Charles Gibbons, jr., esq., John K. Valentine, esq., pro defendant.

(Stenographically reported by R. A. West.)

Philadelphia, Monday, May 28, 1883.

The foregoing case having been called for trial, the following jury was impaneled: Bushing, George, grocer, 1204 Green street, Fourteenth ward; Hallowell, Joseph T., machinist, 1603 Ridge avenue, Fifteenth ward; Hellman, Samuel, carpenter, 3608 Hamilton street, Twenty-fourth ward; Hill, Michael, carpenter, 2005 Lombard street, Seventh ward; Jackson, Charles F., gas-fitter, rear 1744 Olive street, Fifteenth ward; Johnson, William, plasterer, rear 916 Third street, Sixteenth ward; Keevan, William, salesman, 333 Gaskill street, Fifth ward; Martin, Thomas J., clerk, 126 Congress street, Fourth ward; Robinson, sr., John, hotel, 4025 Cresson street, Twenty-first ward; Shallcross, Andrew, painter, 625 Thirty-fifth street, Twenty-fourth ward; Stiles, William M., dyer, 502 Vine street, Twelfth ward; Subers, Daniel K., clerk, 603 Seventh street, Thirteenth ward.

The jury having been all sworn, the case was proceeded with as follows:

the opening for the commonwealth.

Mr. Warwick opened the case for the Commonwealth, as follows:

May it please the Court, gentlemen of the Jury: The defendant in this case, Sylvio Ferlan, is charged with an assault and battery on Hamilton Stewart. The facts in the case are simply these: Hamilton Stewart, a young boy, residing now in this city, who was upon a vessel, which was an Austrian bark, named the Ararat, that was lying at anchor at Hanover-street wharf, in this city, claims that he was beaten, bruised, and otherwise assaulted by the captain of the bark. The captain, Sylvio Ferlan, who is an Austrian, I believe, and who made the assault and battery on Hamilton Stewart, the cabin boy, is the defendant in this case. The boy is here to tell his story, and the defendant is also here before you, and that is all that is necessary for me to say in reference to this subject at the present time. I expect to show by the testimony of the boy that the captain of the bark is guilty of the charge which has been brought against him.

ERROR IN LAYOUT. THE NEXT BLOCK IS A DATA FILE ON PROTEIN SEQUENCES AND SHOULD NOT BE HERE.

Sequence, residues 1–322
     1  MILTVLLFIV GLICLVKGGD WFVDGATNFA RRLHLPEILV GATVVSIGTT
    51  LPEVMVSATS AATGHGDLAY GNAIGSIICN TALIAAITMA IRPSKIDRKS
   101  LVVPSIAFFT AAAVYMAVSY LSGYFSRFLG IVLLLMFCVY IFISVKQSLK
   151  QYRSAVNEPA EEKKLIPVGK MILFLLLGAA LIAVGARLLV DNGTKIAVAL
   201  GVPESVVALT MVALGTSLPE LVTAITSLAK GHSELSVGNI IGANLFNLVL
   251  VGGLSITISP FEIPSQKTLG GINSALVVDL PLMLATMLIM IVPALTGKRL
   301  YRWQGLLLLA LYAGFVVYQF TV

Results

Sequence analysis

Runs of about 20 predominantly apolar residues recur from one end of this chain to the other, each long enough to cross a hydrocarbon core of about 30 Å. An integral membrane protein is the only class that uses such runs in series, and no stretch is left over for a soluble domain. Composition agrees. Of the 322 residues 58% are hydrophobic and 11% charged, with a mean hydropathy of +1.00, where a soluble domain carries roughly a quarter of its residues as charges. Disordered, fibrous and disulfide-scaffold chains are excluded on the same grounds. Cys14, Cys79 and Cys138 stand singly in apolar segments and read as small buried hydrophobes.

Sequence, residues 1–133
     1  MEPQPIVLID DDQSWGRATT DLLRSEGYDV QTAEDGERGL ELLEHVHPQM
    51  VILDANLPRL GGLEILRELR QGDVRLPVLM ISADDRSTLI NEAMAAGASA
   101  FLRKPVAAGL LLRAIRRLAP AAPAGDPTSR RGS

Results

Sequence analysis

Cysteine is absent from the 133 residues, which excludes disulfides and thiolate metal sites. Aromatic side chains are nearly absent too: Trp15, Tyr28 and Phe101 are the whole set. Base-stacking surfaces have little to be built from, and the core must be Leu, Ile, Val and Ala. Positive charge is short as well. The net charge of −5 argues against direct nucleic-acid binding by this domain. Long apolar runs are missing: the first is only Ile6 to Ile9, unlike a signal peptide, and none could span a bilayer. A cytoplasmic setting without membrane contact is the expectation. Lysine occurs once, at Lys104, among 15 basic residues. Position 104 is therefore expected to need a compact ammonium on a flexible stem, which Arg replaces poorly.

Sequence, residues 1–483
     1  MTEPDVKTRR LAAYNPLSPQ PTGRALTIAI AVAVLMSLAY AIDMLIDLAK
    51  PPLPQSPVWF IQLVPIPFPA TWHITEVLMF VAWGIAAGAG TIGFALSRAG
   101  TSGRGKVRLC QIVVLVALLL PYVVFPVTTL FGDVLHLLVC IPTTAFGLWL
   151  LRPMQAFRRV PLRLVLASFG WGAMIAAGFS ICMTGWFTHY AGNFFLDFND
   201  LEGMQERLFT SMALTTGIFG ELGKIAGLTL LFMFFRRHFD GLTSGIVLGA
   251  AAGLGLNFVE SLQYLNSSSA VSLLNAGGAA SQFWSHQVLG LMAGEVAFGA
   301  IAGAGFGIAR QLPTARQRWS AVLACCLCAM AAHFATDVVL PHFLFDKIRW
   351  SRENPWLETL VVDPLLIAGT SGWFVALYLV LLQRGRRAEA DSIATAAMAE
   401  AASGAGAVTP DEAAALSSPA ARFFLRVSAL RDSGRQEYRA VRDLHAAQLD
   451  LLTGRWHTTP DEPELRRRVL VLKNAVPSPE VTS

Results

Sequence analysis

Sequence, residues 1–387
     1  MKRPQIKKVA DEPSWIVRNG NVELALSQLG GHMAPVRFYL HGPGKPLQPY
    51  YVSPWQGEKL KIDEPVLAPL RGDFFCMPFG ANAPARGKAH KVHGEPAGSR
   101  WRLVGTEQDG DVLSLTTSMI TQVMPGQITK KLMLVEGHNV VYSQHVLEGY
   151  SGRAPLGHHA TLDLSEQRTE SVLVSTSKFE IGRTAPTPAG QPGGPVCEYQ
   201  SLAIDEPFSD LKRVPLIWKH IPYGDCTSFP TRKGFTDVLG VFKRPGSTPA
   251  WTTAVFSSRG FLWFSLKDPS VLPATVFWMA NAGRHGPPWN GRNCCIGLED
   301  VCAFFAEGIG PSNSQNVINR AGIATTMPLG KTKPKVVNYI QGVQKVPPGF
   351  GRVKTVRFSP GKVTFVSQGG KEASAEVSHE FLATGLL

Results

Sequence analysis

the testimony for the commonwealth.

Hamilton Stewart sworn and examined.

By Mr. Warwick:

Question. What is your name?—Answer. Hamilton Stewart.

Q. Where do you live?—A. Belfast, Ireland.

Q. What is your business?—A. Brass moulder.

Q. Do you know Sylvio Ferlan?—A. Yes, sir.

Q. Where did you first meet him?—A. In Belfast.

Q. What is his business?—A. Captain.

[Page 18]

Q. Captain of what kind of a vessel?—A. Captain of an Austrian hark.

Q. Did you enter the service of that bark?—A. Yes, sir.

Q. Where?—A. Belfast.

Q. When?—A. On Easter Monday.

Q. You entered that service in what capacity?—A. As cabin boy.

Q. Did you come from Belfast to this country on that bark?—A. Yes, sir.

Q. Direct from Belfast to Philadelphia?—A. Yes, sir.

Q. While you were lying in port, at Hanover street wharf, in this city, tell us what took place.—A. Because I did not come in at 6 o’clock in the morning, being about two minutes past my time, as soon as I got into the cabin he knocked me down, and beat me about the body, and kicked me, and afterwards he called me by name and told me to go ashore. I went ashore, and I then saw a boy on the wharf, and he told me to go to the consul. Then I went to the consul, and he kept me there three hours. Then I told him what had happened, and he told me to go on board of the ship. I went on board the ship in the morning; the boarding-master came down after me the next morning.

Q. Had you been boarding in the city?—A. Yes, sir.

Q. When did your bark arrive?—A. Monday, three weeks ago.

Q. That is, to-day three weeks ago?—A. Yes, sir.

Q. After that where did you live; on board of the bark or in the boarding-house?—A. I was there a week before this happened.

Q. Well, go on with your story.—A. The boarding-master saw the captain that night, and the captain said he would pay me off the next morning. I called on the consul, and he paid me off; he paid me $2.83.